How to Use Modes for Improvising

We’re going to step outside the normal CG realm today to talk a bit about modes and improvisation. When I first started guitar (electric), people threw around mode names and I had no clue about them. Then I looked them up and got more confused.

“There are hundreds of scales out there and I have to memorize them all?” is what I thought to myself

Turns out you don’t have memorize them all. My first real jazz guitar teacher taught me that. So here’s what I learned.

The Modes and their Tonalities

Certain modes work with certain types of chords. Here’s a general list of the standard seven modes of the major scale. The method outlined in this article can also be use with modes of the melodic and harmonic minor or any other collection of modes. If you’re unfamiliar with modes, check out this article.

  1. Ionian: use over major triads and seventh chords
  2. Dorian: use over minor triads and seventh chords
  3. Phrygian: use over minor triads and seventh chords
  4. Lydian: use over major triads and seventh chords
  5. Mixolydian: use over dominant seventh chords
  6. Aeolian: use over minor triads and seventh chords
  7. Locrian: use over diminished triads and half diminished seventh chords

Covering the Changes

So say we have a major chord. C major 7, for instance.

A few modes work over major7 chords: Ionian (the standard major scale) and lydian.

If we want to play ionian mode over this Cmaj7 chord, we just play a C major scale. End of story.

If we want to play the lydian mode, we don’t need to learn a new scale pattern. We relate it to another major scale. In other words, we treat C as the fourth scale degree of another key. In this case, we can play a G major scale over the Cmaj7 chord to get that lydian sound (from the F# in G major) while still keeping all the chord tones from the C major (C E G B).

Instead of learning a new scale, we related the root of the chord to a new major scale. We treated C as the fourth scale degree of another key rather than the root of its own.

Take a Look at a Minor Chord

Say we have a C minor 7 chord. We could play an aeolian mode (natural minor) over it by treating C as the sixth scale degree of another key. Meaning we play a Eb major scale to get an aeolian sound over the C minor chord:

Eb F G Ab Bb C D Eb

We could also treat C as the second scale degree of Bb major. If we play a Bb major, we’ll get a dorian mode sounding over the C minor chord.

Bb C D Eb F G A

Or you could even do Ab major scale to capture a phrygian sound.

Ab Bb C Db Eb F G

In all these case all we’re doing is relating the root of the chord to another major scale. We’re using the major scale, which we know really well, to solo in various modes. The thing to notice in each of these scales is that the chord tones for Cmin7 (C Eb G Bb) are still there.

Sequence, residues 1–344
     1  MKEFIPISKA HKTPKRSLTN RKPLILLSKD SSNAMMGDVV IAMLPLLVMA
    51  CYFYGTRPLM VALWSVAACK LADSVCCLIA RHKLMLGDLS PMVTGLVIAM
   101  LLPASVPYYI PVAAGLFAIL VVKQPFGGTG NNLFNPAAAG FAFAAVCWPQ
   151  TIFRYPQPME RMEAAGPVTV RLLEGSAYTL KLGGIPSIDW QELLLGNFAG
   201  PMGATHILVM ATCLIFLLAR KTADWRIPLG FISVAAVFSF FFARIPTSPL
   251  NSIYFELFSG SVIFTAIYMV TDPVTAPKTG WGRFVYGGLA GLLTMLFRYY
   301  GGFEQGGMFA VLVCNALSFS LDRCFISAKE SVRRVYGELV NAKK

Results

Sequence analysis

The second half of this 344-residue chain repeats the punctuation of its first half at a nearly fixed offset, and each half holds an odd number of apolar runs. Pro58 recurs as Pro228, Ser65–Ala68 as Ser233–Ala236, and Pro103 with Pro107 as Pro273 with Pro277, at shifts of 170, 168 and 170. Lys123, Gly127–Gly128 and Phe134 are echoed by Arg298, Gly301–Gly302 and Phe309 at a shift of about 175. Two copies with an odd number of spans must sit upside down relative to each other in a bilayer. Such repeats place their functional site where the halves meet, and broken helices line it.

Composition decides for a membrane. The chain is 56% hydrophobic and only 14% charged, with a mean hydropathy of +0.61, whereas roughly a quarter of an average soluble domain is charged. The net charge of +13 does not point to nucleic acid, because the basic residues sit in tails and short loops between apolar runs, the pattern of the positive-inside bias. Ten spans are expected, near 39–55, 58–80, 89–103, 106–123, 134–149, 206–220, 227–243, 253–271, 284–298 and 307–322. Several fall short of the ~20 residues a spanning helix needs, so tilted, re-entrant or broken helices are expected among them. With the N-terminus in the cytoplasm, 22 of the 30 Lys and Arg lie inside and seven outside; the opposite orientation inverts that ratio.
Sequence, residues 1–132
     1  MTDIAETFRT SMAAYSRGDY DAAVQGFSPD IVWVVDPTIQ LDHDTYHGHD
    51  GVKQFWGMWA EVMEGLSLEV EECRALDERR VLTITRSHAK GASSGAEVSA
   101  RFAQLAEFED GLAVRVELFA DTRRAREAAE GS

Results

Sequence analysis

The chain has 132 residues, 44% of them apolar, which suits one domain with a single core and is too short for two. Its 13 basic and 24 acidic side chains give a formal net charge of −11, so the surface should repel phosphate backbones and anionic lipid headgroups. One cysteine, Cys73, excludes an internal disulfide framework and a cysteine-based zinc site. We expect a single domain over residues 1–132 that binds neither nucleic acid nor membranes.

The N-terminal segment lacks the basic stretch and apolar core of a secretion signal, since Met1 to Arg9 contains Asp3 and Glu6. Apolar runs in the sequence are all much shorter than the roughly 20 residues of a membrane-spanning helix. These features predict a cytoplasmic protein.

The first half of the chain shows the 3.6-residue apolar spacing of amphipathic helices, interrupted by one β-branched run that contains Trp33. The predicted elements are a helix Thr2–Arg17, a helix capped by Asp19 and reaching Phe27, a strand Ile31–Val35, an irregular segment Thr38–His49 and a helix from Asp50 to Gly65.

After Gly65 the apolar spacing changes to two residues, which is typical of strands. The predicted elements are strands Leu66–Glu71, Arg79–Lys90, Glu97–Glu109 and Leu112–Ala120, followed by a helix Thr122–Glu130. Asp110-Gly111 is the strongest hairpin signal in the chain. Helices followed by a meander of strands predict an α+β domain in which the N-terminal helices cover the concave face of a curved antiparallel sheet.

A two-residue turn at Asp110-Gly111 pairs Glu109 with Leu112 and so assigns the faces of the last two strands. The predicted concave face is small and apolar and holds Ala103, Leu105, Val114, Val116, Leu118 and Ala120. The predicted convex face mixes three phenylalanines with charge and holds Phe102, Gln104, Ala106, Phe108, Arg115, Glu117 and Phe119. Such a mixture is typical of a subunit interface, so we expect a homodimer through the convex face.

How to Practice

Obviously if you’re just starting this stuff it’s not goign to be easy. Grab a Real Book and pick a standard like Autumn Leaves. Write in the major scale you plan to use over each chord. And don’t feel like you have to change scales on each chord! Find or record a backing track and play the scales in eighth notes over the changes.

After you feel more secure with just the scales in eighth notes, you can try improvising over the backing track. If you’ve practicing the scales in thirds, triads, and seventh chords as I mentioned above, you should find that some of those finger patterns come out in your improvising. This makes less of a “up and down the scale” improviser.

Why Use this Method for Modal Soloing?

  • Because it requires less memorizing, giving you more time to really work on improvising
  • Because it makes you less root oriented when soloing
  • Because it’s easy to understand and easy to put into place

Posted on in Music Theory


  • Gary Fletcher

    Hey, that’s the first lesson on modes I read that I actually understood. Thanks for sharing it. Time to head for the woodshed now…

  • Willem

    This is an excellent post. Thank you! I usually have trouble with modes and especially how they relate to chords. After reading this post I’m going to have another shot at this.

    I have added a link to it in a post on improvisation on my blog. Please have a look!

  • Gianni

    nice article. If you allow me to add my 2 cents, I’d advice to start with simple modal tunes/vamps or structures like II-V-I’s before going into full blown standards.

    thanks again for sharing, keep up the good work!

  • Ross

    It is most important to understand Relative and Parallel approaches to modes. Most questions and comments regarding modes can be resolved with this concept. Guitarmodes method provides a solid basis for all guitar lessons while conforming with convention.
    We are starting a list of students currently trialling the new GM copyright method as a way to obtain credibility and acceptance within the guitar teaching industry.

    Regards, Ross

  • Johnson

    I’d be careful to say that when you have a C minor 7 chord you would play over aeolian, especially because you are telling people to try it out over Autumn Leaves. Every minor chord in that tune (excluding minor 7 flat 5s) would be Dorian. One could say that the final chord in the tune, should use aeolian, but in every recording I can think of the last chord (e minor if you play it in the real book key or g minor if you play with horn players) people are playing over Dorian. Miles even puts the natural 6th in the melody on Cannonball Adderly’s recording. Not trying to say that aeolian isn’t use able…just a thought. Great site!

  • vic

    can some one explein me for the minor keys i dont understand

  • mark

    well explained! thank you for making my doubt clear.